Getting Ready For School

​​​​Early Preparation for Later School Experience

Even though your baby is just beginning to grow and develop communication, sometimes you can't help wondering what is going to happen when your baby goes to school.

Where will my child go to school? Will my child be able to keep up with other children? How can I get my child ready now for learning to read, write and do arithmetic?

Some early school skills are easy to teach. Your child may be saying or signing the alphabet, counting, even recognizing some words in print by age 3 or 4. However, letters and numbers are just beginning building blocks. All of your focus on developing language skills and concepts is vitally important preparation for reading and school.


In order to really prepare your child for school, you want to continue to provide:

  • Language Experiences
  • Hands-On Experiences
  • Print Experiences

Language Experience

Language is your first priority. Through language experiences, your child will learn important concepts that lay a foundation for school learning.

Any daily activity can be a teaching moment and a language experience. During these experiences, you can strategically introduce descriptive concept words.

To learn color concepts, you can take a color walk in the house on a rainy day.

  • "Look, I have a red bucket…how many red things can we find in the play room?"
  • Yes, that is red…what else is red?
  • Oh look, this is NOT red…it is blue. It does not go in our bucket. 
  • Wow…how many red things did we find? Let's count them together."

A trip to the zoo can be revisited many times if you take photos on your phone or camera.

  • "The elephants were big, but the baby monkeys were so tiny
  • They could move so fast, but I think the elephants walked slowly."

Even a trip to the grocery can be a time to explore concept words.

  • "We need two cans of beans like this one. 
  • Do you see more like this?
  • Can you help mommy put two in the cart?"

It is helpful to use words about thoughts and feelings. "You are excited; You don't know which shirt you want to wear; You are worried about the dog – it's okay, he is gentle." 

You can also use words to mark the passing of time. "Wait, now it's time to…, Later we can…, After your nap."

It is also helpful to "connect the dots" for your child. Use language that connects what happened with the cause. For example, "Oh it broke because I dropped it; I found my keys – that makes me happy!"​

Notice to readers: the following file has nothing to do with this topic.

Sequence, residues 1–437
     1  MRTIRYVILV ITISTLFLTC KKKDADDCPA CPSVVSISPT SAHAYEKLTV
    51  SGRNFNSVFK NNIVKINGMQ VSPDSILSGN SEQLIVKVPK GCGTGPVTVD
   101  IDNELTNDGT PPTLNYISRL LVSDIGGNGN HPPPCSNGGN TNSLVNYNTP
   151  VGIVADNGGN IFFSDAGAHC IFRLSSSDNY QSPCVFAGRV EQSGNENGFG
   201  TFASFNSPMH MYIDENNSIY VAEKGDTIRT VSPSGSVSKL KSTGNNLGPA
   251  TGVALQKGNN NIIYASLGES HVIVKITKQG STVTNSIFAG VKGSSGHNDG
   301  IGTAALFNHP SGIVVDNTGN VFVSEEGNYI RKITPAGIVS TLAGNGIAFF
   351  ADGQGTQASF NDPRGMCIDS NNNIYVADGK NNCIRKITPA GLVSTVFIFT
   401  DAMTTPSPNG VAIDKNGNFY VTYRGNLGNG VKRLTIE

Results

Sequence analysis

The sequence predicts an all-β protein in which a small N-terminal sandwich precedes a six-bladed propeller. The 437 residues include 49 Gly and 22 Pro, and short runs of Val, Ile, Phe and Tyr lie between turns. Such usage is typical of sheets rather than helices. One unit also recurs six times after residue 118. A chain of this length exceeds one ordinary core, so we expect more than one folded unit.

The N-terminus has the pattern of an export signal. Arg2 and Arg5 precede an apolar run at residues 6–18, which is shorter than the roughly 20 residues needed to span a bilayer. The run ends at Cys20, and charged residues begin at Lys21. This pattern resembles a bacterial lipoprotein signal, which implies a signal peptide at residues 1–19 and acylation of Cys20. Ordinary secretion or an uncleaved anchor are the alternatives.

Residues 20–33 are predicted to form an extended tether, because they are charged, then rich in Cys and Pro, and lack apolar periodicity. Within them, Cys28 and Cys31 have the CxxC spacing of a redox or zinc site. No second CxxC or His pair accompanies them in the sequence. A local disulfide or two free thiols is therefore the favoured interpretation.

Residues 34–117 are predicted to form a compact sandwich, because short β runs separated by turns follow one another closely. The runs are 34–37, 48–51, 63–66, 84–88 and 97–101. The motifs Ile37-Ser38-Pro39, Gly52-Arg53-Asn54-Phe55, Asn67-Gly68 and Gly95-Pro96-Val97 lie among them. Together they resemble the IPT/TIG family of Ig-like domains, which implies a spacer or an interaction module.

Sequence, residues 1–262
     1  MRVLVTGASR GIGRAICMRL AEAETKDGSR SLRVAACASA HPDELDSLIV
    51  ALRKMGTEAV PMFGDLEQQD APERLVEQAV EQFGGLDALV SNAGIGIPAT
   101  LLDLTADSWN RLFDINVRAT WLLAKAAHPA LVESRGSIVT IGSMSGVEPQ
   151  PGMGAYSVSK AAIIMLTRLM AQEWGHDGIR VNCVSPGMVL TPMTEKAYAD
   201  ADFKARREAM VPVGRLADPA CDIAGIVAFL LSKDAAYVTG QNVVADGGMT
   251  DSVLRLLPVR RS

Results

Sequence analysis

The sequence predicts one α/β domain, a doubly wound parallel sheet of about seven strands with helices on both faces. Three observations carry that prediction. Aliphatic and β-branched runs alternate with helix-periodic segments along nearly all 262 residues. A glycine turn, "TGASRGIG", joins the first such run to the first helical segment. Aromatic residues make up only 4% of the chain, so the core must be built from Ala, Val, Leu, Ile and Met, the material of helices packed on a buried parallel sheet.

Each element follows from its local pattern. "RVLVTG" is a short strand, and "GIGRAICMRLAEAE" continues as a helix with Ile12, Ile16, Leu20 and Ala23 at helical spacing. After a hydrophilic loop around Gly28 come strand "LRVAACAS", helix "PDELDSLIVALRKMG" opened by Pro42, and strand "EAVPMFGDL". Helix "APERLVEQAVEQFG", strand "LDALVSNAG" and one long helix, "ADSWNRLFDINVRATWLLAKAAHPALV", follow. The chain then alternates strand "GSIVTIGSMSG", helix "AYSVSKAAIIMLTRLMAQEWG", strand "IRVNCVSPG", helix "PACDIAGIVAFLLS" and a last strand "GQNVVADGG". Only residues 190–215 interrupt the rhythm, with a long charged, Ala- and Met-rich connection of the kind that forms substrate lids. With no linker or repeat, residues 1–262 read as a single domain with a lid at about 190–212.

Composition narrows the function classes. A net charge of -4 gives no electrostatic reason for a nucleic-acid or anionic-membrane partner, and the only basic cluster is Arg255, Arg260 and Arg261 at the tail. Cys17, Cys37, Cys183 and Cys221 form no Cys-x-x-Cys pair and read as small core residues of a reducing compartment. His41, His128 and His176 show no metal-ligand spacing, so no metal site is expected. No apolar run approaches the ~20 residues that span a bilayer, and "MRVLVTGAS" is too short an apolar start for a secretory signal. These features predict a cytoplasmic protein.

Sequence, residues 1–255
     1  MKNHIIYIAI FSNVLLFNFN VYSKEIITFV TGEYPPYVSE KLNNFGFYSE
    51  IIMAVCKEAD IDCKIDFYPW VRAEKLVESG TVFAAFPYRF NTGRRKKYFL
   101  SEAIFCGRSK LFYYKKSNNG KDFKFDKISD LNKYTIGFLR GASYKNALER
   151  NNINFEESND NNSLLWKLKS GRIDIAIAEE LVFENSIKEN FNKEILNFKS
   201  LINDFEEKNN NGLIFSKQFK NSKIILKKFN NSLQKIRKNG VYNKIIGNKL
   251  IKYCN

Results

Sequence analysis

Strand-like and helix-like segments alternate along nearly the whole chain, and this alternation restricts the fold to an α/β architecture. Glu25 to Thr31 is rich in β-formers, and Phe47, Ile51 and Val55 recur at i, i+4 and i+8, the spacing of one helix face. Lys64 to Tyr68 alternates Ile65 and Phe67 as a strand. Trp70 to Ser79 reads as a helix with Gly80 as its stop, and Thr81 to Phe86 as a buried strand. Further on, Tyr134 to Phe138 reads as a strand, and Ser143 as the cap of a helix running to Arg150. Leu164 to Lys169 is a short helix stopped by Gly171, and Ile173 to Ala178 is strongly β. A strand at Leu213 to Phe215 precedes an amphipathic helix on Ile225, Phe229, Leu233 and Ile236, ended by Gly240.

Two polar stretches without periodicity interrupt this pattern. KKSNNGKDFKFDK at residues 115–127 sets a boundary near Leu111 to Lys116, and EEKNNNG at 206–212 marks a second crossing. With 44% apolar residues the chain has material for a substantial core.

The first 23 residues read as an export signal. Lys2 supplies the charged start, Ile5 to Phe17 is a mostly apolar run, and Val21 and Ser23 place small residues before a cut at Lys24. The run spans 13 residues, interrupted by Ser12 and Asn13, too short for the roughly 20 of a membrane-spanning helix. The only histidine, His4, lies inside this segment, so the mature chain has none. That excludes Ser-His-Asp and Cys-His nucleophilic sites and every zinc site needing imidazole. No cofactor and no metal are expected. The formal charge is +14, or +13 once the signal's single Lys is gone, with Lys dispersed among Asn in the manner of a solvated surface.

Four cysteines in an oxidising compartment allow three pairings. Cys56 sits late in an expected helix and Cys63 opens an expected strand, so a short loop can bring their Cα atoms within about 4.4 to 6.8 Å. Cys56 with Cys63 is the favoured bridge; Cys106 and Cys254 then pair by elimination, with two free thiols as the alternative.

In any situation, think, "What does she/he seem to be noticing? How can I label the concept?"

Here are two examples of simple experience stories you can create by drawing or putting photos in a little story book.


It's Halloween!

Kids in costume

"I get to wear a costume!"

Halloween candy bag

"I will get my bag."

Halloween knocking on door

Knock on the doors!

kids trick or treating

I will say "trick or treat!"

Halloween candy bucket

"Thank you for the candy!"

This Thanksgiving example is a way to review new food words and prepare your little one for what will happen on this special family day.  You might add photos of family members who will visit.

Thanksgiving family dinner at table

"It is Thanksgiving. We will
have a special dinner. 
Uncle Ken will come!"

Thanksgiving turkey

"We fixed a turkey.  It
smells so good!

Mashed potatoes

"You love mashed potatoes!

Hands-On Experience

Experience is the basis for later school learning.

  • We learn to read, write, and figure about things, actions, and relationships that we have experienced.
  • To learn well in school later, your child needs to simply interact with a rich environment now.
    • Does he have safe plastic containers of varied sizes, with and without lids, spouts and handles, to pour out of and into and squirt with in the bathtub or wading pool?
    • Does she sit in the shopping cart and see the food come off the shelf, go through the cash register line, into bags, home, and onto shelves in cupboards and refrigerator?
    • Do you go for walks and take time to notice leaves emerging or falling, or bugs, or interesting animals in yards?
    • In any experience, no matter how ordinary, notice what she is attending to, and attend to it also, with body language, words, and actions.
    • You are telling him, ​Noticing is important. What interests you is worth learning about.
  • Curiosity is a virtue. Of course, by creating the opportunities, and taking a turn at calling attention to things yourselves, you will open up her horizons even more. Just don't have all the ideas yourself. She needs to have many of her own.

Print Experience

Awareness of interaction with print in the environment is vital. Your child will benefit from seeing you read. Not only books, but directions, signs, logos, recipes, labels, newspapers, magazines, closed captions (you can introduce this early in preschool), tablets, cell phones, and other text from the internet.​

Communicate what you are doing overtly.

  • "I need to look up the number on the internet, or, I will find the number in my phone."
  • "I need to look for that recipe on my Ipad."

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